Through the creation of a vast network of channels, pools, and dams, beavers have been found to drastically improve the quality of water, prevent floods, and mitigate soil erosion. As a result of these impressive and far-reaching benefits, experts are recommending that beavers should be reintroduced across England.
The researchers found that the water leaving a beaver wetland is around three times cleaner than the water entering it, that the pools they form store up to 16 tonnes (17.6 tons) of carbon and 1 tonne (1.1 ton) of nitrogen, and that they prevent the sedimentation in downriver catchments. The findings are the preliminary results of a study looking into the impact that a colony of beavers in Devon, in the southwest of England, have had on the surrounding environment.
The reintroduction of beavers in England is controversial, particularly following the unofficial release of beavers that has occurred in Scotland. Some claim that they cause flooding and damage, others that they maintain the environment. This has led researchers from Exeter University to study their impact on the ecosystem.
They found that in six years, the family of beavers created 16 pools of water along just a 183-meter (600 feet) stretch of stream. The dams caught the top soil that is washed off local fields, preventing the sediment from being washed downstream, while the pools caught the nitrogen and phosphorus that is being flushed off the land. They have also improved the vegetation and trees in the area, increasing the average height of plants.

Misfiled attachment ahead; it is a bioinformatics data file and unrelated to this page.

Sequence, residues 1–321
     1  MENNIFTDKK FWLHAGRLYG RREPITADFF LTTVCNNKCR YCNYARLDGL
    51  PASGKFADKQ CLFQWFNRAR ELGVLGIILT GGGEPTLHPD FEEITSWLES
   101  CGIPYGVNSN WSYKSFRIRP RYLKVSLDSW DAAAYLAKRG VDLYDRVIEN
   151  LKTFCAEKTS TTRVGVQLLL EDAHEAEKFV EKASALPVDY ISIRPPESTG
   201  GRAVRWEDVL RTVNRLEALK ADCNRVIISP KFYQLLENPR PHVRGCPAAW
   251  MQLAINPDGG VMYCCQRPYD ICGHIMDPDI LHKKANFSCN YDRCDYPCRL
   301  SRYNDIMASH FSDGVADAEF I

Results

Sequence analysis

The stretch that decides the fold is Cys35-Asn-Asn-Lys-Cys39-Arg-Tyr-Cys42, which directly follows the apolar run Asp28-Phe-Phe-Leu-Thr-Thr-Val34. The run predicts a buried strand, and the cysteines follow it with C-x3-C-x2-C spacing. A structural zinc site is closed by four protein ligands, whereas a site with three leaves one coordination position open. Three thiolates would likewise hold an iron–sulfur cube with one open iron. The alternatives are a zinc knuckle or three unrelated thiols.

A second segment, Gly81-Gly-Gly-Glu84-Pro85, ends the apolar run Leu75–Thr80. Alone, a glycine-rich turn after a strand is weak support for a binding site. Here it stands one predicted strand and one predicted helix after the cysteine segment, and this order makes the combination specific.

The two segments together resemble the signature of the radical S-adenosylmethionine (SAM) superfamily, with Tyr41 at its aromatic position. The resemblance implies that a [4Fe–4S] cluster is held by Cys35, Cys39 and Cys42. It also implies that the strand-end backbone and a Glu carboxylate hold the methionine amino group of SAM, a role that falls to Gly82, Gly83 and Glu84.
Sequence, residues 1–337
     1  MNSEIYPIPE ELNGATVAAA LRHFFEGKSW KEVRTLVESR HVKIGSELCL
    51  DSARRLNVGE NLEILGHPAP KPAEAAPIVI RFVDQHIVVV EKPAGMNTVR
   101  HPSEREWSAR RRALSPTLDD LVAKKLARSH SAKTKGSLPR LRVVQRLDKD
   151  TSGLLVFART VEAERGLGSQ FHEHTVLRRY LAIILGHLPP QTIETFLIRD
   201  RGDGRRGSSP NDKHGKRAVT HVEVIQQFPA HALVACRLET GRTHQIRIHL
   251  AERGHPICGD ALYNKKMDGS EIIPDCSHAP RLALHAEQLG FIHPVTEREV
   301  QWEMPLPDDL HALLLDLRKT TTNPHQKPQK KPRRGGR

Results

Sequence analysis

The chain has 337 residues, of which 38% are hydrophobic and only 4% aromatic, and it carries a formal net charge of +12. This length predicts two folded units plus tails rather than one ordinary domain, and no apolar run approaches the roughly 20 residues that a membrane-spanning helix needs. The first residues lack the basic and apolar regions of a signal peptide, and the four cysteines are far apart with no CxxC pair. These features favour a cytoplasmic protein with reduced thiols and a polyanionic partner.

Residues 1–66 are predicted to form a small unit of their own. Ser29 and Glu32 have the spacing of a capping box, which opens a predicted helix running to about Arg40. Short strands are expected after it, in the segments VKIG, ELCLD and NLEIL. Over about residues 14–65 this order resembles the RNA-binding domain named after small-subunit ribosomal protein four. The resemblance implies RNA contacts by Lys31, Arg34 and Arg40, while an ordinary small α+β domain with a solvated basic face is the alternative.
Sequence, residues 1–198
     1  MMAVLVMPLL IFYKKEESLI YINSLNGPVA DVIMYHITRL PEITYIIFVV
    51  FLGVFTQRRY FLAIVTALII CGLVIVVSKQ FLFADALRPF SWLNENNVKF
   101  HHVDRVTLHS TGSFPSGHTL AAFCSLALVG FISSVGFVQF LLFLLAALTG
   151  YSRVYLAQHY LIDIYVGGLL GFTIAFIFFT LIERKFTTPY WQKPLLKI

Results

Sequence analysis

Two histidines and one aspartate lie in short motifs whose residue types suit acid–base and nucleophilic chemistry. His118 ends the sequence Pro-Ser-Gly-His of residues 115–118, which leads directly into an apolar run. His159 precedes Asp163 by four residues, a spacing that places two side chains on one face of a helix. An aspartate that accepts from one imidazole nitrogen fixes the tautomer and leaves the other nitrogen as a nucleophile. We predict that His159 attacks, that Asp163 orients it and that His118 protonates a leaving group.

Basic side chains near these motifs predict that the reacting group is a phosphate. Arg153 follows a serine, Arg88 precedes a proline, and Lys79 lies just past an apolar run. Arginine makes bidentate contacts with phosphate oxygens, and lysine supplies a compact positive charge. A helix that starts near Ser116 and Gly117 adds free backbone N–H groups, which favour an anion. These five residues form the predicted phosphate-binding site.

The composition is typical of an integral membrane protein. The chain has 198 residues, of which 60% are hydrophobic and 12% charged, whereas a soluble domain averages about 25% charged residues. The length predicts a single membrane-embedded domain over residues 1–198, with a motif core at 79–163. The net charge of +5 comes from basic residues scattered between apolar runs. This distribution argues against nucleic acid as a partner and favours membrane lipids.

It is not only the landscape that they are altering, though. The aquatic rodents are also having many positive impacts on the wildlife, too. Frogs were found to be more common in beaver ponds, and despite the concern of many fishermen in the region, brown trout populations are larger and healthier as a result of the newly created wetlands. There is also anecdotal evidence that the bird population has improved, no doubt as a result of the healthier prey base.
This, argue the researchers, proves the value of the animals. The government is already in the process of building leaky dams as well as adding trees to rivers to slow their flow, in a bid to prevent flooding of communities. But these are both things that beavers do for free. The researchers say that while they don’t solve all the issues of flooding, they should certainly be part of the solution.
Yet land owners and farmers are still largely against the reintroduction of the animals, and the government’s Environment Agency is reticent to sanction the release of beavers just yet.